Apple made waves when it released OS X 10.9 Mavericks for free, marking the first time it didn’t charge for a major Mac software update. Despite the allure of a free update, however, Maverick’s adoption rate since its release five months ago is at 40 percent, according to a recent study from the Chitika Ad Network. That’s impressive compared to earlier adoption rates – it took 14 months for Mountain Lion to hit a 34 percent adoption percentage – though also slow considering it’s totally free.
Mavericks is the most popular version of OS X, according to Chitika’s analysis of online ad impressions. Compared to Windows 8’s sluggish adoption, Maverick’s has already been a huge success, but compared to iOS 7, which is already running on over 80 percent of all iOS devices, 40 percent looks pretty disappointing. Meanwhile, 21 percent of users are still using OS X 10.8, while OS X 10.7 and 10.6 are tied for third with 18 percent of Mac users each.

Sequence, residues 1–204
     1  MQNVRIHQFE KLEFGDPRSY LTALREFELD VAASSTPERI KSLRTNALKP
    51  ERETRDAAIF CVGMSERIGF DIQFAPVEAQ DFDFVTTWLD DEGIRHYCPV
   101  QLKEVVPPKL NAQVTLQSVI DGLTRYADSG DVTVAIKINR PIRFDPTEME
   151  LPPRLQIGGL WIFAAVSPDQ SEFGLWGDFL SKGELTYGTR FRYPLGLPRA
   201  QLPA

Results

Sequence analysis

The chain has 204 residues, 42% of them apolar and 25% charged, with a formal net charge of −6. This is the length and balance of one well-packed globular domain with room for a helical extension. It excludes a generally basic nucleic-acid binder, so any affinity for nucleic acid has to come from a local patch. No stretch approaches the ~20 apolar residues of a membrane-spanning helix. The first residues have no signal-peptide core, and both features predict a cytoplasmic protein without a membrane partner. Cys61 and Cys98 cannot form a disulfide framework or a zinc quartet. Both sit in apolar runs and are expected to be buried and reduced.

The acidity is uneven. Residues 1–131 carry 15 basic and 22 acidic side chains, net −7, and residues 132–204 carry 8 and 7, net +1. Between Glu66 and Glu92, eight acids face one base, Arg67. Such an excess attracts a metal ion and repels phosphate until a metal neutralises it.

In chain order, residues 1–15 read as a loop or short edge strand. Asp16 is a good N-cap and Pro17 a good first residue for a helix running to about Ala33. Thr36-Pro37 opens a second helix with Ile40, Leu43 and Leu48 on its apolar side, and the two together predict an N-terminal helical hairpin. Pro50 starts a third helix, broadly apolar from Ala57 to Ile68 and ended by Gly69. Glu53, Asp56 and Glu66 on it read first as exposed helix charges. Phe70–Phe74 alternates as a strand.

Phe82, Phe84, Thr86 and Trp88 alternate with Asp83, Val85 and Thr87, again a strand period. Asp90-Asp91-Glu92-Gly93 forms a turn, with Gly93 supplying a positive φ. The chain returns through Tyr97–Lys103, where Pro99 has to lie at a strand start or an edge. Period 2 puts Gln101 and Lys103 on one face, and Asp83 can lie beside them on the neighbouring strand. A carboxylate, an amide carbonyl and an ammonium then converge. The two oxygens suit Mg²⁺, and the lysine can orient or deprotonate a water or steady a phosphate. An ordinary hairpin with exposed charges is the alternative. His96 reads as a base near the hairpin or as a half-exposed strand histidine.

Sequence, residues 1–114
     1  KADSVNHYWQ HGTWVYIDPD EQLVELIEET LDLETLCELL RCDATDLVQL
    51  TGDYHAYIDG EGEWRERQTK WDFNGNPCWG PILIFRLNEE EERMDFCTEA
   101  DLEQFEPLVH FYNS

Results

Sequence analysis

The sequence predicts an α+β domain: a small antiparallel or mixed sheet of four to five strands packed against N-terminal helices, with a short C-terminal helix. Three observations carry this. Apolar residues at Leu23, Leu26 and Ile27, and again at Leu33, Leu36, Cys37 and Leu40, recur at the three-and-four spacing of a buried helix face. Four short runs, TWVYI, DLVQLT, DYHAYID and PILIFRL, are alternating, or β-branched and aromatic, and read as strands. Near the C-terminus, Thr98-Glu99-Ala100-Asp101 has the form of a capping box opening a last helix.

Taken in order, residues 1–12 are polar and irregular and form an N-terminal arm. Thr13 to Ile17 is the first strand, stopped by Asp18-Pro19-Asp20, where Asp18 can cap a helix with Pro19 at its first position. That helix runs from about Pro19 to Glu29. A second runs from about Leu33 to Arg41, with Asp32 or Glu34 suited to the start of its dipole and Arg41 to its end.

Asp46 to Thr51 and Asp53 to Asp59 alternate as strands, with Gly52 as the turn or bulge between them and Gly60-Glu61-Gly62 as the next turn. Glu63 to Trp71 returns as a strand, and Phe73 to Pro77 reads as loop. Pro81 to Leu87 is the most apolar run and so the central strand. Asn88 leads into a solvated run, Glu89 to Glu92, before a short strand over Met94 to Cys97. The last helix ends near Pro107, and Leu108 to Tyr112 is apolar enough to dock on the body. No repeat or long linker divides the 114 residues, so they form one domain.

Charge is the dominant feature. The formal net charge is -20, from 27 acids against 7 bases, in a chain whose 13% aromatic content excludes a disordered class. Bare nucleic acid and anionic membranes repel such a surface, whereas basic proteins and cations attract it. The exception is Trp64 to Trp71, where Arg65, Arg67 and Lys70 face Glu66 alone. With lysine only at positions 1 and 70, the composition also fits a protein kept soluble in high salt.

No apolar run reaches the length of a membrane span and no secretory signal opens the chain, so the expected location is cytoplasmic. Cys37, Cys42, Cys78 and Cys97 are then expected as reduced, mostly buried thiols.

There are a few reasons why OS X adoption rates haven’t caught up to iOS after being released for free. First, Apple’s mobile devices prompt you to upgrade while Mac computers don’t push you to update as directly. Maverick’s also didn’t change as much visually as iOS did, which included a drastic overhaul of Apple’s user interface. Interest in the new version of iOS alone was probably enough to boost downloads.
The simplest answer, however, is that most computer owners are used to buying a new model and keeping it for several years without ever upgrading the software. Apple’s done a great job training us to update our mobile software at least once per year, but it could be several years before its customers learn to expect the same from their laptops. Even still, Chitika’s chart shows us that trend has started at least with Mavericks.